China, US should steer clear of conflict as ‘neither can afford it’ – Chinese FM
“For any sober-minded politician, they clearly recognize that there cannot be conflict between China and the United States because both will lose — and both sides cannot afford that,” Wang Yi said after being asked about the possibility of war between two counties during a press conference in Canberra, Australia, on Tuesday.
According to Wang, China does not want to lead or replace anyone, and it must focus on its own development.
“We must remain clear-headed about the various comments demanding China play a ‘leadership role’,” Wang said.
The already-strained relations between the two nations took a hit after US President Donald Trump received a telephone call from Taiwan President Tsai Ing-wen in November to congratulate him on winning the US election. Beijing doesn’t recognize Taiwan’s sovereignty and maintains it’s part of China. More unease in China was triggered by Trump’s tariff proposal on Chinese imports.
Wang, however, said that US-China relationship had defied “all sorts of difficulties” over decades.
“What we assess is the official policy statement, made by the [US] administration after inauguration, not campaign rhetoric, not some remarks made years ago,” Wang said.
Yet he also called upon global powers to reject the protectionism measures from the White House since Trump took office on January 20.
“It is important to firmly commit to an open world economy,” Wang said. “It is important to steer economic globalization towards greater inclusiveness, broader shared benefit in a more sustainable way.”
‘Brush up on’ South China Sea history – Beijing to Washington
The United States needs to “brush up” on the history about the South China Sea, Wang Yi said later on Tuesday, adding that after World War II, Japan was due to return all taken territories from China.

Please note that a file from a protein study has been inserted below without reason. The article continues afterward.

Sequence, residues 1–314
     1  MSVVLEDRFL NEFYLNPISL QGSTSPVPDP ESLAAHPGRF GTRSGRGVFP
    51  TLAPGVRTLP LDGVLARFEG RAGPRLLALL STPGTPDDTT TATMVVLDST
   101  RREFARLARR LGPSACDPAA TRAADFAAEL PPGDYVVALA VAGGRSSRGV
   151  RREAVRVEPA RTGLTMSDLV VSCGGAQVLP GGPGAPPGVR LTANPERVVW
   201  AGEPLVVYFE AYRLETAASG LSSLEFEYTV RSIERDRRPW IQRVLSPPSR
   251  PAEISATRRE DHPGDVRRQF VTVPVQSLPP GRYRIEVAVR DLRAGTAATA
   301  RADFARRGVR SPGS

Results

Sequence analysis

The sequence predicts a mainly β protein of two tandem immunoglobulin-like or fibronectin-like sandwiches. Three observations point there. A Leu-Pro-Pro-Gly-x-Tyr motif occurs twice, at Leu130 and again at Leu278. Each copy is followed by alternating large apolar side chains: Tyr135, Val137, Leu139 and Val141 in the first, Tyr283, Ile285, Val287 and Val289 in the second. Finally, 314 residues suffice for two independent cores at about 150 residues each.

Wang said he had a “suggestion” for his US colleagues: “Brush up on the history of World War II,” he said, as cited by Reuters.
He referred to the 1943 Cairo Declaration and 1945 Potsdam Declaration, which state that Tokyo had to return to Beijing all Chinese territory taken by Japan.
“In 1946, the then-Chinese government, with help from the United States, openly and in accordance with the law took back the Nansha Islands and reefs that Japan had occupied, and resumed exercising sovereignty,” Wang said. Nansha is the Chinese name for the Spratly Islands.
“Afterwards, certain countries around China used illegal methods to occupy some of the Nansha Islands and reefs, and it’s this that created the so-called South China Sea dispute.”
The South China Sea, a waterway of strategic importance, has been at the center of tensions between multiple nations contesting waterway and offshore resources. China, the Philippines, Vietnam, Malaysia, Brunei and Taiwan all have claims in the region.
In July 2016, The Hague Tribunal said that there was no evidence that China historically had exclusive control over the waters or resources. Beijing, however, called that verdict “ill-founded,” warning its armed forces would defend its maritime interests.
In recent months China and the US have been involved in a “war of words” over the disputed territories.
Washington has intensified constant warship maneuvering near artificial islands that Beijing has built, justifying its activity according to the principle of Freedom of Navigation (FON). Tensions between China and the US escalated in December after a Chinese naval vessel spotted and seized a piece of “unidentified equipment” in the South China Sea, which turned out to be an underwater US drone. Then-US President-elect Trump accused Beijing of “stealing” the device.
Beijing then accused the US of repeatedly dispatching vessels and aircraft to carry out “close-in reconnaissance and military survey” within Chinese waters. Later it promised to return the device, criticizing Washington for “hyping up” the incident.
In January, Rex Tillerson, since appointed US secretary of state, said that Beijing should be denied access to islands it has built in the South China Sea.